Director Erik White tries to mix broad slapstick humor with heartfelt sentiment, and the results are uneven. The change in tone can sometimes be jarring, as it will often occur in the same scene. I liked the quieter and sweeter moments better. There's a good scene between Bow Wow and Brandon T. Jackson, where they confront each other on a rooftop about what the money is doing to their relationship. But, it seems a little out of place, when the characters are often forced to act exaggerated and goofy the rest of the time. We also get to see a lot of talented actors get pushed aside, or disappear from the movie altogether. Loretta Devine, Keith David, Terry Crews, and Charlie Murphy all make good impressions in their roles, but the movie drops them in favor of the uninspired plot with the evil gang members trying to steal the ticket.
Lottery Ticket is the kind of movie that's full of good intentions, and obviously has the talent to bring it to life, but it never quite connects. I kept on waiting for the movie to pick up and impress me like I wanted it to, but I felt like I was constantly being kept at a distance. There are moments here that hint at a better movie, but they don't end up adding up to much.
I can appreciate a horror movie that has its tongue planted firmly in cheek as much as the next guy. Heck, when your movie is called Piranha 3D, it's almost expected. But this movie gave me mixed messages. It's goofy, it's campy, it's trashy, and it's over the top. So much so, the cast seem to constantly be winking at us, like they're in on the joke. It also has a very nasty and mean streak to it, which kind of clashes with the sense we're not supposed to be taking this seriously. Maybe I wouldn't have minded so much if the movie succeeded even once in thrilling or scaring me. Is a tiny thrill or a jump in my seat too much to ask for?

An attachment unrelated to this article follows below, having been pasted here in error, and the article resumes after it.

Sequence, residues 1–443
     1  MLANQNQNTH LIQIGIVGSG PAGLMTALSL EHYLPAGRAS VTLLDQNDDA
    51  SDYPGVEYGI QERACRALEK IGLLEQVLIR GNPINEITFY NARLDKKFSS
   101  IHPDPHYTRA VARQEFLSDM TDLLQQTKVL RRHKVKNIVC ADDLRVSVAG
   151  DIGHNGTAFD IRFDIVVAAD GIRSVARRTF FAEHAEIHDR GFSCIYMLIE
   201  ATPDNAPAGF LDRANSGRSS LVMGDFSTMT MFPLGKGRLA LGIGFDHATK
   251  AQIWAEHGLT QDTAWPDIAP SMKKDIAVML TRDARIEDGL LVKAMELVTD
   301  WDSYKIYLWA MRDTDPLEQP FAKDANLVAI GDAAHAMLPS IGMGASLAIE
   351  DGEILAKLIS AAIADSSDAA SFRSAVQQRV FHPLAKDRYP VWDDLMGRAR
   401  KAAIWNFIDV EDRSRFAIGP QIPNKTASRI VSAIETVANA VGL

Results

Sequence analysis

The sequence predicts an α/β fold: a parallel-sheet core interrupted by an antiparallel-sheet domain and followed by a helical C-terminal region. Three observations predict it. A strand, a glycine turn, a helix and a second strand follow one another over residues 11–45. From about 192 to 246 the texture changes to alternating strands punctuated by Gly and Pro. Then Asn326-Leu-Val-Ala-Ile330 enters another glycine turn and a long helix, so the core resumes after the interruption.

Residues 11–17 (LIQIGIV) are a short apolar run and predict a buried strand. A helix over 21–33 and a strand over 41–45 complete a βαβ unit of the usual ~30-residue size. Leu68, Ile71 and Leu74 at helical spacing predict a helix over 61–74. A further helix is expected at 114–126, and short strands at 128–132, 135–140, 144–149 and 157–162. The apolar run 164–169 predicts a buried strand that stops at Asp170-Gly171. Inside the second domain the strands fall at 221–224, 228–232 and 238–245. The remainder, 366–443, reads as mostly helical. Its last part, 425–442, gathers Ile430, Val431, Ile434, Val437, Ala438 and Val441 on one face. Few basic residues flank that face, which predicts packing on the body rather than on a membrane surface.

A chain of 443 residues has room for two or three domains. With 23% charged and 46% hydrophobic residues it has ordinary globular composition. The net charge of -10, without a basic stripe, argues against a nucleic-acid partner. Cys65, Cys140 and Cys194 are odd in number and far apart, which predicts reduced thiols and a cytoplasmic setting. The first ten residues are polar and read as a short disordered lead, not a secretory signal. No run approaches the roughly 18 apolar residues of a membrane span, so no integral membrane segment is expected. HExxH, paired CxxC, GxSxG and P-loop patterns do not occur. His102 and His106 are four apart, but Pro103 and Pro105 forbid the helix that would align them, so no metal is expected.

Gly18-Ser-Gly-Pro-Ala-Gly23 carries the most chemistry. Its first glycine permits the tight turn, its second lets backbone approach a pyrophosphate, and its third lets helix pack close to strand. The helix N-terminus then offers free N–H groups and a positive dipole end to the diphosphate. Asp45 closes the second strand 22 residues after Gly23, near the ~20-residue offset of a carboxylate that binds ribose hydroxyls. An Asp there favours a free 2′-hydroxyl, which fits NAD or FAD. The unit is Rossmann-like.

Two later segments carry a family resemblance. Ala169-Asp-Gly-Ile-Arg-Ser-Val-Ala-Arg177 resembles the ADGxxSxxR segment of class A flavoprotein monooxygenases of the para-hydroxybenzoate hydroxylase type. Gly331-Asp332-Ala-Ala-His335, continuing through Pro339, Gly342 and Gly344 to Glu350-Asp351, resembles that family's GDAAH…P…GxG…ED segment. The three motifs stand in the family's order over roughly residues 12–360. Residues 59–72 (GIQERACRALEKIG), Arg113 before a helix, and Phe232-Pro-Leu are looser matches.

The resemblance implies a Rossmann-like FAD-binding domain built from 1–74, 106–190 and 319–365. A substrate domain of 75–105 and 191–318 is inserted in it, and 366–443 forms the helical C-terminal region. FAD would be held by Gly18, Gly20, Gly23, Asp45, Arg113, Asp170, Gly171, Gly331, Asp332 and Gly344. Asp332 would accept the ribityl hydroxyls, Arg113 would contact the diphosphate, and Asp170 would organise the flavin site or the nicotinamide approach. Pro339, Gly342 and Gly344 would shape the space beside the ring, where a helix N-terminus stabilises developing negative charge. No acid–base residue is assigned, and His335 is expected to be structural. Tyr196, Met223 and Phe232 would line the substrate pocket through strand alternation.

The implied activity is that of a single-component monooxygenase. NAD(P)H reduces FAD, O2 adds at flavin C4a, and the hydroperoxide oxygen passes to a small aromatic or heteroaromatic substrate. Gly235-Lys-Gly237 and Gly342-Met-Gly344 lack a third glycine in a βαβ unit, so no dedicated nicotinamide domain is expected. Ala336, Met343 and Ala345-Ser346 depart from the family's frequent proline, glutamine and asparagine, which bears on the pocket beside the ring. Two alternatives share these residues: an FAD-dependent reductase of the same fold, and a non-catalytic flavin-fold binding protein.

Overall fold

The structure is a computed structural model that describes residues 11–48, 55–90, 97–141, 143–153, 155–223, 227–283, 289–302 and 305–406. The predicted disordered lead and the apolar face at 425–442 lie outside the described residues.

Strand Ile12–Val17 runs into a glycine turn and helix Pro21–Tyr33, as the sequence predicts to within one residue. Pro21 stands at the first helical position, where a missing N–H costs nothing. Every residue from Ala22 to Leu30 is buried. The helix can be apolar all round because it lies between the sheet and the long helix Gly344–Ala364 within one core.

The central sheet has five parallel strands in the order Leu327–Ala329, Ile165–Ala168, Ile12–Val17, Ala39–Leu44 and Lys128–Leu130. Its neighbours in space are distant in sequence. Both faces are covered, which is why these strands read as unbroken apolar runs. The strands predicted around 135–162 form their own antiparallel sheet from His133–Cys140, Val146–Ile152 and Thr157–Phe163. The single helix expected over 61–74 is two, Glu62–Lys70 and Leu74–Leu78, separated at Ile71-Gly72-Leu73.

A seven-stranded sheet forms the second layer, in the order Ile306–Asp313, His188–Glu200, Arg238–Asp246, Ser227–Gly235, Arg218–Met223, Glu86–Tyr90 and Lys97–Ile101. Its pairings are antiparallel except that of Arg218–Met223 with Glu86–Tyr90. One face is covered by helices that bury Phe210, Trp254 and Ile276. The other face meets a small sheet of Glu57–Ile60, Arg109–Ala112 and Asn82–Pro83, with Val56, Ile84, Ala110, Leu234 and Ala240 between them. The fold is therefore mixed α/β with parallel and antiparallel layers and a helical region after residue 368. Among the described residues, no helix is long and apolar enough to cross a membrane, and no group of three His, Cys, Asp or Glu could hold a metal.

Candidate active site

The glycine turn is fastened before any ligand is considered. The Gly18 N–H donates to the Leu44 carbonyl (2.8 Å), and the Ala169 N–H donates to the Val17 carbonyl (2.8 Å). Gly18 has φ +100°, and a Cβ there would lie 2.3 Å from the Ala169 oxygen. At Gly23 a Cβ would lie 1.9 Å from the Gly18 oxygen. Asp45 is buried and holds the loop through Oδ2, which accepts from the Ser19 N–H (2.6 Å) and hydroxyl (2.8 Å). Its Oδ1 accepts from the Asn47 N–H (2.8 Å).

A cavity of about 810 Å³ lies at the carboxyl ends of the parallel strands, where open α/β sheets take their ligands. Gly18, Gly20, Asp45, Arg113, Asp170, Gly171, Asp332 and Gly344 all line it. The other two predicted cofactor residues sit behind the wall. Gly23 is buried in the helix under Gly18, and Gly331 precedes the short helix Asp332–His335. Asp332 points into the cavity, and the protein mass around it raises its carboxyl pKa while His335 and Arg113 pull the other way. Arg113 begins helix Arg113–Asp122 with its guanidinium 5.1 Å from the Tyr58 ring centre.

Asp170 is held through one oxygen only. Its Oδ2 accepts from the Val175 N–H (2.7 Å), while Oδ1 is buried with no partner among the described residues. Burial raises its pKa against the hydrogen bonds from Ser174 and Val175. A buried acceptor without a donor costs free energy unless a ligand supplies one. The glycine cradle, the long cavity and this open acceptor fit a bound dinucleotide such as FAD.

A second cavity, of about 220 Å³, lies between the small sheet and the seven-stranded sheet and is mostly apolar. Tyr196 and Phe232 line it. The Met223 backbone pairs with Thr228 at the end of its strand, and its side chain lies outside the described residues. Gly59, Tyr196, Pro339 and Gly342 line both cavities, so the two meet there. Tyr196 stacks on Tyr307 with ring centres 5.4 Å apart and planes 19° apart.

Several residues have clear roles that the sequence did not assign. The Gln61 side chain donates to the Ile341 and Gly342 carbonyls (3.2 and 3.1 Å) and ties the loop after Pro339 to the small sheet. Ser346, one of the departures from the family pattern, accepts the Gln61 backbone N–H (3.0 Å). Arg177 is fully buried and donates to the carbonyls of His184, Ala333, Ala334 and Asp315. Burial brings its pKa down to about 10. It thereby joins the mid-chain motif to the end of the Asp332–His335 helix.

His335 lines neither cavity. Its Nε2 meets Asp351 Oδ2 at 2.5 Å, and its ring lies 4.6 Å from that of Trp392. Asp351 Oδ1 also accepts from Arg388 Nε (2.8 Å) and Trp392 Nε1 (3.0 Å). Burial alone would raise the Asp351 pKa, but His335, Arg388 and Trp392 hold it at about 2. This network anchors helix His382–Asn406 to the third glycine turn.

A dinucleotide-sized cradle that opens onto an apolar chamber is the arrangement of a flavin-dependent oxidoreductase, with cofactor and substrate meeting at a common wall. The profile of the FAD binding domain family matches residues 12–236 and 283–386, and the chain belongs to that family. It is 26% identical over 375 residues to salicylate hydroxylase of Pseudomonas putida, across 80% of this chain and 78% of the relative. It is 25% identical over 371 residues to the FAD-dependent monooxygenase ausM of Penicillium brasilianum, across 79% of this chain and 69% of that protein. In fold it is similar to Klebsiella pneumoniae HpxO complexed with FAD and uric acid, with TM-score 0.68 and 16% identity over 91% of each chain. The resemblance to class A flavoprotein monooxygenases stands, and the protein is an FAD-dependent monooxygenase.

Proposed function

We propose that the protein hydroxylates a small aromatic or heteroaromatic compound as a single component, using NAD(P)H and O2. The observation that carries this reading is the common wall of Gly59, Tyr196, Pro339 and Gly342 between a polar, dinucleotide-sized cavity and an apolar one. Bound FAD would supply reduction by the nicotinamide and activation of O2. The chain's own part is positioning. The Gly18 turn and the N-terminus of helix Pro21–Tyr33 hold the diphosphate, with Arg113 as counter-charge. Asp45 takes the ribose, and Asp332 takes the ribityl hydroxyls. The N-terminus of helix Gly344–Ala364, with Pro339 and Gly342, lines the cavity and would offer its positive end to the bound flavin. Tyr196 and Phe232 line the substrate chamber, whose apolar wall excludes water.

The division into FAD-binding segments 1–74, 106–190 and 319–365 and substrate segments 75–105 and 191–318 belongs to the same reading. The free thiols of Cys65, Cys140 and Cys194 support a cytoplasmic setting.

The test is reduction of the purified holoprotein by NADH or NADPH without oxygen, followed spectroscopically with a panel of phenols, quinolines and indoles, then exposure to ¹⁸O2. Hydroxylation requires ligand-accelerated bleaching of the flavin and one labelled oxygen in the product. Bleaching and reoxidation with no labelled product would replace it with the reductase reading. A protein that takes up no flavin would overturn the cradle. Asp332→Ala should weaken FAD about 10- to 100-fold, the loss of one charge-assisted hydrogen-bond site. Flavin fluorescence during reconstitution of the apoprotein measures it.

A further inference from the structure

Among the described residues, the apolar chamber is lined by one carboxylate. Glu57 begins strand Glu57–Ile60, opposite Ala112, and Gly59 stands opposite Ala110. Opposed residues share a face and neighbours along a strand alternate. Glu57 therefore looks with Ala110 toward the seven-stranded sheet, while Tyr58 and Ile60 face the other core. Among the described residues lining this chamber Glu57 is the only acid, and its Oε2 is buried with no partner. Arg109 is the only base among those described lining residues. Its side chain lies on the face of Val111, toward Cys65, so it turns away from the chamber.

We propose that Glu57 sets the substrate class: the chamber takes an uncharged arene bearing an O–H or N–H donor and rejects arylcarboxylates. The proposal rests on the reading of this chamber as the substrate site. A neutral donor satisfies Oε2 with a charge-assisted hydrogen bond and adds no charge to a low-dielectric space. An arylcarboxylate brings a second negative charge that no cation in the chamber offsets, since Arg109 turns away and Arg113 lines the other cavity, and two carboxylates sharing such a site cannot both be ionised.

The piranha of the title are not your usual variety. They're prehistoric fish that are much more vicious, agile, and aggressive than you would think. They've been trapped in an underwater cave for the past two million years, and yes, the movie does explain how they survived down there all this time. An earthquake occurs, the cave is ruptured, and the piranha are now free to roam about and devour whatever they wish. We don't get a very good look at them for a while. There's a lot of "first person" underwater camera shots that are supposed to make us believe we're getting the point of view of the carnivorous fish, but usually turn out to be a false alarm. The first person to become a victim to the piranha is Richard Dreyfus, giving a clever and playful spin on his iconic Jaws character. This is the first of many instances of self-referencing humor. It's also the best of them. Once this scene is done, the piranha kind of leave the picture for an hour or so, and we get our plot set up.
The heroes are a mother and teenage son. The mom (Elizabeth Shue) is the sheriff in a beach resort town. Her focus is currently on trying to keep rowdy college students from causing trouble and killing themselves during Spring Break. Her son (Steven R. McQueen) is a bored kid with a sort-of girlfriend (Jessica Szohr). He gets invited to help a sleazy porno filmmaker (Jerry O'Connell) shoot his latest film, and goes along with it without his mom's permission. He climbs aboard the filmmaker's boat, they go out to the middle of the sea to shoot the movie, and naturally find themselves trapped in the middle of the prehistoric piranha invasion. Shue's character, meanwhile, gets wise when dead bodies start popping up in the water. She captures one of the deadly fish, and takes it to a scientist friend played by Christopher Lloyd.
If you should see this movie, watch Lloyd's big scene. He knows how to handle this material in a way that a lot of the cast do not. There is no winking at the camera, or sense that he is playing up the inherent crudeness of the movie itself for laughs. He handles his scene so seriously and in such a dramatic way, the laughs come naturally. He's one of the few actors who could take a line like, "This piranha existed two million years ago. So, what's it doing here?", and sell it. The rest of the cast act like they constantly know they're in a bad movie. This always bothers me. Bad movies are accidental, never intentional. Either the talent's not there, the budget's not there, or there was a struggle for control behind the scenes. Piranha 3D is a movie that knows it is trash, revels in it, and that's exactly what bothered me.